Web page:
Between 1933 and 1945 Nazi Germany destroyed an estimated 100 million books throughout occupied Europe, an act inextricably linked with the murder of 6 million Jews. This volume examines this bleak chapter in the history of printing, reading, censorship, and libraries.
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Jonathan Rose is William R. Kenan Professor of History at Drew University. He was the founding president of the Society for the History of Authorship, Reading and Publishing.From Publishers Weekly:
"The story of the Six Million is also the story of the One Hundred Million... the mass slaughter of Jews was accompanied by the most devastating literary holocaust of all time," notes Rose, director of the graduate program in book history at Drew University. He has compiled 15 sound works of scholarship that explore reading as a conscious act of resistance and the vital importance of books to the preservationAor in this case, the complete exterminationAof a society and its identity. Historian Stanislao G. Pugliese discusses how the contents of Rome's renowned Judaica librariesAincluding rare manuscripts and books documenting the community's historyAwere burned by the Fascists and later by the Nazis, allegedly with the help of the Catholic Church. Communications expert John Rodden presents a thoughtful essay on "reception history" (or the response of readers) during Hitler's regime, specifically how the Nazis twisted the teachings of Friedrich Nietzsche to advance their cause and the present-day revival of interest in the philosopher in Germany. But the most compelling articles recall firsthand how both Jews and other Europeans attempted to maintain their dignity with books during WWII. Vilna Ghetto librarian Dina Abramowicz delivers an unemotional yet powerful description of her patrons and what they wanted to read: some sought historical analogies, such as books about WWI; others wanted to read about social issues, but most checked out escapist booksAdetective stories, romance and suspense novels. Jewish scholars and students of modern history will find this volume to be a significant and unusual supplement to Holocaust research and a convincing argument for the centrality of books and reading as subjects for historical research.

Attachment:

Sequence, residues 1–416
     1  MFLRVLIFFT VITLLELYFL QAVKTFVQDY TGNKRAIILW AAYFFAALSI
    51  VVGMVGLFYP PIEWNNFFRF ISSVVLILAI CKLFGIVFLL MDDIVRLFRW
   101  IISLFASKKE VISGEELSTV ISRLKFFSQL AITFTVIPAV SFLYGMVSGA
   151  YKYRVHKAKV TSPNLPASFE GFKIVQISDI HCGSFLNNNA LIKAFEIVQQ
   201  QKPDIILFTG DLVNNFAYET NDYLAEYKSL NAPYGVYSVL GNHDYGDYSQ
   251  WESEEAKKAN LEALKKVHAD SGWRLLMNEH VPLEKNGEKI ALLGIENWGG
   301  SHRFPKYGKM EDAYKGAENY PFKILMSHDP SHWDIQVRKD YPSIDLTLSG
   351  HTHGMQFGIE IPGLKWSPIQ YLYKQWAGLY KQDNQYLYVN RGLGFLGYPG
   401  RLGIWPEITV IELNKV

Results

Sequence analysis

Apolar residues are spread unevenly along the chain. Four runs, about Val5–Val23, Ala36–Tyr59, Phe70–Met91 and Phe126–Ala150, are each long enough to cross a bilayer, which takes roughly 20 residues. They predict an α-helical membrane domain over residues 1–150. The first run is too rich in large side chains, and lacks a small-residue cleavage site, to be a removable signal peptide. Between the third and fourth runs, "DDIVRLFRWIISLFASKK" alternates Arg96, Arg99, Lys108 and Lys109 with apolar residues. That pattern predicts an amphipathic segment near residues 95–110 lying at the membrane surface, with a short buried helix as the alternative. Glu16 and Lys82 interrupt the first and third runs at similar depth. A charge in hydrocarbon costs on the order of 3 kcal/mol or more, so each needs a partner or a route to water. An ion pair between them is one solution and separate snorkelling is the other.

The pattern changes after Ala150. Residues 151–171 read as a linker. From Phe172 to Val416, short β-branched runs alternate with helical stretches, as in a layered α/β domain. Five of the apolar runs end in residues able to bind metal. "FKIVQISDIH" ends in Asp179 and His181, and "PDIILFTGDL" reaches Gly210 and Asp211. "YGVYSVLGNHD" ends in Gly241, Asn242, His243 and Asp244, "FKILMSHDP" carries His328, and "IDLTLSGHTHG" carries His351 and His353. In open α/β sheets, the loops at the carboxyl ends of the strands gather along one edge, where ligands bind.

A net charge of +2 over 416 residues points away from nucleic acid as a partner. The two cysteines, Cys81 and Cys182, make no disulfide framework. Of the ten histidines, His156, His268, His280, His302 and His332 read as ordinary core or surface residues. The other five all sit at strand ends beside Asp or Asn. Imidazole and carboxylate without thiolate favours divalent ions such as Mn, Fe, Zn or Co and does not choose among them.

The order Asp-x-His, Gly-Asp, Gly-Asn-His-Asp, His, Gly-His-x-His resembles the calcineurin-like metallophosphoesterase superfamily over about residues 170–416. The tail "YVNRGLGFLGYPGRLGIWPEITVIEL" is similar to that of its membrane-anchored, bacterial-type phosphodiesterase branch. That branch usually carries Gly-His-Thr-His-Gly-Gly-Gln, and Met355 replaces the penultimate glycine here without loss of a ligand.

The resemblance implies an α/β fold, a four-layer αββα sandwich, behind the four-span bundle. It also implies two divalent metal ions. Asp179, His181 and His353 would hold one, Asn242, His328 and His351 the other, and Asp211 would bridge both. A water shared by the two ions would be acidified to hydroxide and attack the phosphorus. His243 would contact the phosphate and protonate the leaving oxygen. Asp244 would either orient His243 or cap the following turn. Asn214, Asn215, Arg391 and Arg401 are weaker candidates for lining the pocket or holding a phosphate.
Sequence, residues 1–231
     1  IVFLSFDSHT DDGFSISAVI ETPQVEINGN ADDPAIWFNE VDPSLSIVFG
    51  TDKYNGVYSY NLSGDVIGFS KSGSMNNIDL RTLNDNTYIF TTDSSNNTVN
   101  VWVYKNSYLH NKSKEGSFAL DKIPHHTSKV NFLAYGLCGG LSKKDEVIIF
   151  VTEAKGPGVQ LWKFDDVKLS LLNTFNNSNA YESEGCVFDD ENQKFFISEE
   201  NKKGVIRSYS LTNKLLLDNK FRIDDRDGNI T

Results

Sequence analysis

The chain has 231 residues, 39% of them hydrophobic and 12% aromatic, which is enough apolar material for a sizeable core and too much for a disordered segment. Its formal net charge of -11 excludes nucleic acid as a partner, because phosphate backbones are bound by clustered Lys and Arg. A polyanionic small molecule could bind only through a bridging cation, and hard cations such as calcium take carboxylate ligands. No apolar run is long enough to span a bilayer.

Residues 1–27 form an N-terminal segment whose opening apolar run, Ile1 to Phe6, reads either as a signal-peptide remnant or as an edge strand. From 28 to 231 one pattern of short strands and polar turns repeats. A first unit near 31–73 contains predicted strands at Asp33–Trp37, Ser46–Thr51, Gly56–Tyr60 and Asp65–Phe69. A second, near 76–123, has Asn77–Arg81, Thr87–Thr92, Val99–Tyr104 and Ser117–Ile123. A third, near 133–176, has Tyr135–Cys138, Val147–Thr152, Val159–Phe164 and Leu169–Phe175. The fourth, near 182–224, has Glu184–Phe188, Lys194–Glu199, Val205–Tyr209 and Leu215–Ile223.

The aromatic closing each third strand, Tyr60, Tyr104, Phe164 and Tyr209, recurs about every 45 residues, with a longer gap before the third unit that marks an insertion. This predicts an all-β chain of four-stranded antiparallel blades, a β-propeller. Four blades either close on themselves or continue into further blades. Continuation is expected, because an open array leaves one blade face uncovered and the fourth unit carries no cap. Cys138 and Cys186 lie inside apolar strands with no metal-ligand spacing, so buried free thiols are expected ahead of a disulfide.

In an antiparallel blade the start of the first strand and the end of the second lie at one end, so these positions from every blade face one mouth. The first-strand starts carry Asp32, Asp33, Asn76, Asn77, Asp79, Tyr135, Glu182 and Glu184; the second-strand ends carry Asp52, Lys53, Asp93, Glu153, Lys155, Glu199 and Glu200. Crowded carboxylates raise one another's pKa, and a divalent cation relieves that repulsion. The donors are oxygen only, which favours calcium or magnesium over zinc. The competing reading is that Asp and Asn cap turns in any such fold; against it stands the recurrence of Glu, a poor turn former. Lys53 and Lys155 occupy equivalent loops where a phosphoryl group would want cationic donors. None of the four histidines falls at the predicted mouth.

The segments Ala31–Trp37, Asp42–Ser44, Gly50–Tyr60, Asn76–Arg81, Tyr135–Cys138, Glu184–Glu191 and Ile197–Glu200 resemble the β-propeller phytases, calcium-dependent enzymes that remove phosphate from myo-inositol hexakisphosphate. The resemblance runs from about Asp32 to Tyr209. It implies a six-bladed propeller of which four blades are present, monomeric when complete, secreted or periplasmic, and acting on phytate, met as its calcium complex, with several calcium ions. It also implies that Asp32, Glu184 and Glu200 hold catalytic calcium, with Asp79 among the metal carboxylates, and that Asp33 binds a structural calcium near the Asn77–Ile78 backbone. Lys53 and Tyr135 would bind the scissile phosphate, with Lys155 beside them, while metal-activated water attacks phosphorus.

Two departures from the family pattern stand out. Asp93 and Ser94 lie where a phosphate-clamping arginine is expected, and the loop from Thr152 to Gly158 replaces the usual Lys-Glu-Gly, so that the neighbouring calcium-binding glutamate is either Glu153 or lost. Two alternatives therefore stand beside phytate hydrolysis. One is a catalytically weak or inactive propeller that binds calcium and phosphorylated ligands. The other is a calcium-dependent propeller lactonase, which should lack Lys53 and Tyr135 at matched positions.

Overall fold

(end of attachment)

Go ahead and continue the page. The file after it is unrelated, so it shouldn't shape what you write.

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Book Description University of Massachusetts Pr, 2001. Hardcover. Book Condition: New. Never used!. Bookseller Inventory # P111558492534
Book Description University of Massachusetts Press. Hardcover. Book Condition: New. 1558492534 New Condition. Bookseller Inventory # NEW7.1586896
Book Description University of Massachusetts Press, 2001. Hardcover. Book Condition: New. Bookseller Inventory # DADAX1558492534
Book Description University of Massachusetts Press, 2001. Hardcover. Book Condition: New. book. Bookseller Inventory # M1558492534